Trade and migration

Those who would accuse immigrants of disregard for the law should remember the role that U.S. policy plays in fueling migration. The following is excerpted from “Justice in a Land of Plenty,” an MCC Washington Office resource on trade. Download the full resource here.

Dan Wiens/MCC

Trade policies have had a devastating impact on families. Many farmers in the global South have been forced to abandon their livelihoods in search of better opportunities elsewhere.

An estimated 1.5 million Mexican farmers lost their livelihoods after the implementation of the North American Free Trade Agreement (NAFTA) in 1994. U.S. corn exports to Mexico have more than tripled since NAFTA took effect, undercutting local production. At the same time, the United States has tightened its immigration laws, even as its trade policies have pushed people out of their homes.

The story of Haiti is a case in point. Until the mid-1980s Haiti was a self-sufficient rice-producing country. Under pressure from the International Monetary Fund and the World Bank, due to its accumulated debt and conditions for future loans, Haiti was forced to radically change its economic system.

Haiti’s trade protections were dismantled, making it the most economically liberal country in the Caribbean. This meant Haiti was vulnerable to cheap imports and dependent on external sources of production.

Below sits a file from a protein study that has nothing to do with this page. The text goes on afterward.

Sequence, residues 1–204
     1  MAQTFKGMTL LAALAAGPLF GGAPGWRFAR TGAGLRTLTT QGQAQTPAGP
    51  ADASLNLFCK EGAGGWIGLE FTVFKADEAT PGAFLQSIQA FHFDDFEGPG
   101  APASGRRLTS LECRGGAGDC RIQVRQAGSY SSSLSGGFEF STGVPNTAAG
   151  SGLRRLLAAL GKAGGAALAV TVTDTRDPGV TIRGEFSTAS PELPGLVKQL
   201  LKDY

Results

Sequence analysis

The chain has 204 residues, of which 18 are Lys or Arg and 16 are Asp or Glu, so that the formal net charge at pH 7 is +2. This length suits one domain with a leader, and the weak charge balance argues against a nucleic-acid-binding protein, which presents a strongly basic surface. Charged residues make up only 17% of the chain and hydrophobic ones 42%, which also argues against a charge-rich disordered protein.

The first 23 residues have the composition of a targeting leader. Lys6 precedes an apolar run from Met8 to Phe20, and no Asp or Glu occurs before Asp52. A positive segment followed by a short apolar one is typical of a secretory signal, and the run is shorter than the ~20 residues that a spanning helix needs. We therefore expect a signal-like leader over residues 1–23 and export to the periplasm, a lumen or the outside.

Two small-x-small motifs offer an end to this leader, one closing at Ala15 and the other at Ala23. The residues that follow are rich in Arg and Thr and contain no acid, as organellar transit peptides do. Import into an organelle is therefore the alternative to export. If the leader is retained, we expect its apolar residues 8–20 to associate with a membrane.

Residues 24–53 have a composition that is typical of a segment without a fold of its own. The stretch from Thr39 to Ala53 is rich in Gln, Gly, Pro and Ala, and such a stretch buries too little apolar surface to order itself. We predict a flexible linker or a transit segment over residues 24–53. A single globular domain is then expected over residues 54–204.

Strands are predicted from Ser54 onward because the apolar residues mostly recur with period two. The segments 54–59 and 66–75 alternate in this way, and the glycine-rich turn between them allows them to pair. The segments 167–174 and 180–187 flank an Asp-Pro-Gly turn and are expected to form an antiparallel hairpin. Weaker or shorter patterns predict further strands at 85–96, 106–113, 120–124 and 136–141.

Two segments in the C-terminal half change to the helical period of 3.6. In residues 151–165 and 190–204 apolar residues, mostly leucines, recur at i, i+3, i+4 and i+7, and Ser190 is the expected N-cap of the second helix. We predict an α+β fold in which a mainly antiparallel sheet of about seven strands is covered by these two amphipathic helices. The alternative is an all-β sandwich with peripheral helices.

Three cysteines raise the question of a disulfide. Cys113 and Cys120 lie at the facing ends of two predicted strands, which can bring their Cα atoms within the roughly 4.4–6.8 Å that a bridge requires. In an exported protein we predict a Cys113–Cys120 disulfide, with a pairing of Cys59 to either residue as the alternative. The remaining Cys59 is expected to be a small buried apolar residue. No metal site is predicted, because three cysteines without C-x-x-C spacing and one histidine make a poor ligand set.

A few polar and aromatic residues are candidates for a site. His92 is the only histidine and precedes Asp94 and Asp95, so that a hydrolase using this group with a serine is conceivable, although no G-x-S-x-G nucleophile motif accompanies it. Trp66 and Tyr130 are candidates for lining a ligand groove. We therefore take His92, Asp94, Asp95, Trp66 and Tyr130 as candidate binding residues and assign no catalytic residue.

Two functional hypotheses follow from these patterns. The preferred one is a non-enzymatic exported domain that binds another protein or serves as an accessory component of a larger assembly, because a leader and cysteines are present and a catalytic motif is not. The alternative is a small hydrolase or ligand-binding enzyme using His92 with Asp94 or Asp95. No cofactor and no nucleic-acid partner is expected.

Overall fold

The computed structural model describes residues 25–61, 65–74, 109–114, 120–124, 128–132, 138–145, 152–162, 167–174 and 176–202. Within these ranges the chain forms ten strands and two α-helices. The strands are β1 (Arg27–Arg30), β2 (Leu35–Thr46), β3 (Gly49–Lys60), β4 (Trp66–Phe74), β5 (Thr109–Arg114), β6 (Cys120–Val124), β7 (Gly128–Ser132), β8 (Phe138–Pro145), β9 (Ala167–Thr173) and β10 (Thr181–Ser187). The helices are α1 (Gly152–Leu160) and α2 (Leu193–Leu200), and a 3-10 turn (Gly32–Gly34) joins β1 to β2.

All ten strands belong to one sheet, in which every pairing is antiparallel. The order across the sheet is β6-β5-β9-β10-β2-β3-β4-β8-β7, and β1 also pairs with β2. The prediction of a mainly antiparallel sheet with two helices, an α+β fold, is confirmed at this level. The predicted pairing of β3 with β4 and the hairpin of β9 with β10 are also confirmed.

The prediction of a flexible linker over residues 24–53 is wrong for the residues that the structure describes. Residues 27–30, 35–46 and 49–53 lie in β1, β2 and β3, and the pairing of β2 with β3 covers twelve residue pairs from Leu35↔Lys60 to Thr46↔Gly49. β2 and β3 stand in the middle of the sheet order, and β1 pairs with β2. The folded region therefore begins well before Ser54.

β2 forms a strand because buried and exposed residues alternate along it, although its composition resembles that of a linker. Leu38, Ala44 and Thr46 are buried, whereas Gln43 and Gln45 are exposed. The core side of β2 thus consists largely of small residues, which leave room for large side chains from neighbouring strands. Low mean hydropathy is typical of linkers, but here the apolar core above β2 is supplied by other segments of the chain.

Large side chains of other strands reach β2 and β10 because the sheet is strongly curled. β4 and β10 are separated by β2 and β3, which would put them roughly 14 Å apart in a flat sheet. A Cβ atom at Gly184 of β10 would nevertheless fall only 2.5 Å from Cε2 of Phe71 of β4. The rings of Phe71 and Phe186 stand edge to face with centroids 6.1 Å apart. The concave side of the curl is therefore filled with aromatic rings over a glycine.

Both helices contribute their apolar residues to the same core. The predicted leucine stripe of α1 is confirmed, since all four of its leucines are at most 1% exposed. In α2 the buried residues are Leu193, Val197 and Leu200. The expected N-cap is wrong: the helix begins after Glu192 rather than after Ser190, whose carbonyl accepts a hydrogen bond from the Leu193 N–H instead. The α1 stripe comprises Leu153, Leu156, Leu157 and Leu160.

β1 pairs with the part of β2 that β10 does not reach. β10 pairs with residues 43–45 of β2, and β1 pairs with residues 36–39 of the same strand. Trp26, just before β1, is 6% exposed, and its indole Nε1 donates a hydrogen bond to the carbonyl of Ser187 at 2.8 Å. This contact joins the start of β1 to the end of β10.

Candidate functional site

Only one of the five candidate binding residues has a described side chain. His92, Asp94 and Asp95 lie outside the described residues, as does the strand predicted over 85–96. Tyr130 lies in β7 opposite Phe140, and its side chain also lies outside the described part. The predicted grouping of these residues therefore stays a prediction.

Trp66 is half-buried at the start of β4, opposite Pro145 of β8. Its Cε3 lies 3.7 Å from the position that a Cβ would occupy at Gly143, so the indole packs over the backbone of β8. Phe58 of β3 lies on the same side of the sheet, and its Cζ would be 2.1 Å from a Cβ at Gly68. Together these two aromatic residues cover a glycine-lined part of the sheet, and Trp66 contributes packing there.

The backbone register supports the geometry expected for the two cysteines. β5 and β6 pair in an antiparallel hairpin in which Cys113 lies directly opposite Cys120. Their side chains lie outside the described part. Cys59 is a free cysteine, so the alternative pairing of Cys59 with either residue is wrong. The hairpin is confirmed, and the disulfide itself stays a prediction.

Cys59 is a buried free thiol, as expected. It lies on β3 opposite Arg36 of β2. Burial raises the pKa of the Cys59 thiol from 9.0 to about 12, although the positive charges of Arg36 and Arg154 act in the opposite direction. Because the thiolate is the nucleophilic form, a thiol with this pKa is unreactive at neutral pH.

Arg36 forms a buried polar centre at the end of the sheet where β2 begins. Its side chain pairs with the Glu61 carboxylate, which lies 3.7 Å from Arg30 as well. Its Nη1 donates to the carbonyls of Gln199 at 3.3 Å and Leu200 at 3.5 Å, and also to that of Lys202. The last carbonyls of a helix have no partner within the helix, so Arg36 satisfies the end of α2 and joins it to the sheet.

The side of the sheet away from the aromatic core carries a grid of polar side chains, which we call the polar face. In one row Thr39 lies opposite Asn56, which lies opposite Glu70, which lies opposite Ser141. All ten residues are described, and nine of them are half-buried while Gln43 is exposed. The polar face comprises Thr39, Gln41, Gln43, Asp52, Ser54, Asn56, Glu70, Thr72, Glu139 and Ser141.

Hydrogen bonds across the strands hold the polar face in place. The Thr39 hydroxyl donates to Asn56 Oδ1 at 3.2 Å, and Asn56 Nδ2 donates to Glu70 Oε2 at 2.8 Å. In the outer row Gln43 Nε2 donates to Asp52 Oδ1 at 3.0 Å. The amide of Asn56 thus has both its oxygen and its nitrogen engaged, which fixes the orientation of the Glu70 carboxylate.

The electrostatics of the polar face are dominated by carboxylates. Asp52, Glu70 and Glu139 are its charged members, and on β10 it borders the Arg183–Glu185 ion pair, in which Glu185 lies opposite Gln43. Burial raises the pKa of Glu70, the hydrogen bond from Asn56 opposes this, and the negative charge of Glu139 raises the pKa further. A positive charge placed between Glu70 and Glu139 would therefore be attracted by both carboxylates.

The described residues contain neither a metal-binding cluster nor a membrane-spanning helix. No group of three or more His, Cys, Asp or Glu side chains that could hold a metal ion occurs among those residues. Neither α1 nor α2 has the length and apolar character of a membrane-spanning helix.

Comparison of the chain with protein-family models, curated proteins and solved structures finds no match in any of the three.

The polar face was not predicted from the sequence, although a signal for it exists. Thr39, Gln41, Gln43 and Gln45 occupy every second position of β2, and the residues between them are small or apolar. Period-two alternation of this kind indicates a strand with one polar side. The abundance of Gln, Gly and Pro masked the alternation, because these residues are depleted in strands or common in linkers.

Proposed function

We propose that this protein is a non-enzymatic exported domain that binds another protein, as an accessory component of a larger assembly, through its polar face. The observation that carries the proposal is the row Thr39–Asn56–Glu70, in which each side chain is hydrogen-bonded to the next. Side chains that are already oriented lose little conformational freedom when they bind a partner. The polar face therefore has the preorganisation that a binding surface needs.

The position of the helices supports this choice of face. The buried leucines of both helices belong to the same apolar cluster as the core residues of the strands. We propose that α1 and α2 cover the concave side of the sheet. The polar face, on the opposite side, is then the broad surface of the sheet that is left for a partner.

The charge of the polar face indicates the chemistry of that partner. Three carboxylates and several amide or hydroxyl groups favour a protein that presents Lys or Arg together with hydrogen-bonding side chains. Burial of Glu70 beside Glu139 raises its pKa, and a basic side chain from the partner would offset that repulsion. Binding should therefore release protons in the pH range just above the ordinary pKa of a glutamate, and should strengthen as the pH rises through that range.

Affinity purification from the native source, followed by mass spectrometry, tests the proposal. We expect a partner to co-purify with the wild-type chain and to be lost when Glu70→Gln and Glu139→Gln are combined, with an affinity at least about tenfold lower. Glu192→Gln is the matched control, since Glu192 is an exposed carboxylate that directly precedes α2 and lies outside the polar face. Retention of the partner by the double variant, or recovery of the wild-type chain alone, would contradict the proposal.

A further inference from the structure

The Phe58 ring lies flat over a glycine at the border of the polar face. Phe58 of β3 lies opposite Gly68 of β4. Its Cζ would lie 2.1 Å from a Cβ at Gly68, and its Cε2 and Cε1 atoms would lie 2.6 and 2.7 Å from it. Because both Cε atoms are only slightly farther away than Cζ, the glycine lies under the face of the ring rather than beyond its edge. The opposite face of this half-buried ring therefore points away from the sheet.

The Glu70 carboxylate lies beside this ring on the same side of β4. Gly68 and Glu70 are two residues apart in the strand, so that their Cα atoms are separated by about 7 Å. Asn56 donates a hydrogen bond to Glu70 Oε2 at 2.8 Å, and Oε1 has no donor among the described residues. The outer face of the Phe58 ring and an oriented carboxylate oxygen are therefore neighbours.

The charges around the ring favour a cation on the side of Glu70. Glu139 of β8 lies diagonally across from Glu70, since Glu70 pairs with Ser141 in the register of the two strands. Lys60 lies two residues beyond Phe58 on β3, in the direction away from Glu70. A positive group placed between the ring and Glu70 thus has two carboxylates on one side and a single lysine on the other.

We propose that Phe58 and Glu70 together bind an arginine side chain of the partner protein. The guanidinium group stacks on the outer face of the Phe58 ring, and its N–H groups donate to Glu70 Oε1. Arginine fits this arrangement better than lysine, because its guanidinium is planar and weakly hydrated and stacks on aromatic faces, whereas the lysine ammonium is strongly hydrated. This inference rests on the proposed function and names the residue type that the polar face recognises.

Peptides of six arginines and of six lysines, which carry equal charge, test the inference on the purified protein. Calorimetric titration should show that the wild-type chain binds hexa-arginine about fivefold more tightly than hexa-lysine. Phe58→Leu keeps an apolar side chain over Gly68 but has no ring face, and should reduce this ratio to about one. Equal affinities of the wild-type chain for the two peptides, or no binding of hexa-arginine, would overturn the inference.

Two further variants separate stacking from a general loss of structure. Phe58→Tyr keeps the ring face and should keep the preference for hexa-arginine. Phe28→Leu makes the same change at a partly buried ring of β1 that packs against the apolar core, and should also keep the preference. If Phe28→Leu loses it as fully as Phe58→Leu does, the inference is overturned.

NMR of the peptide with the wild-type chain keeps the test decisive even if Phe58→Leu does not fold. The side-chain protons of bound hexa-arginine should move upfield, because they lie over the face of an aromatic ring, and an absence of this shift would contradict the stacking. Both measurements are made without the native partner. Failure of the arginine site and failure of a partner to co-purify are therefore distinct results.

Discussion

By the early 1990s rice imports from the United States outpaced local production. Poor Haitian farmers were forced to compete for market share with subsidized rice from the United States. Haiti’s agricultural industry ended up in shambles and poor Haitian farmers were forced to abandon their homes.

The story of Haiti is a case in point. Until the mid-1980s Haiti was a self-sufficient rice-producing country. Under pressure from the International Monetary Fund and the World Bank, due to its accumulated debt and conditions for future loans, Haiti was forced to radically change its economic system.

Haiti’s trade protections were dismantled, making it the most economically liberal country in the Caribbean. This meant Haiti was vulnerable to cheap imports and dependent on external sources of production.

By the early 1990s rice imports from the United States outpaced local production. Poor Haitian farmers were forced to compete for market share with subsidized rice from the United States. Haiti’s agricultural industry ended up in shambles and poor Haitian farmers were forced to abandon their homes.

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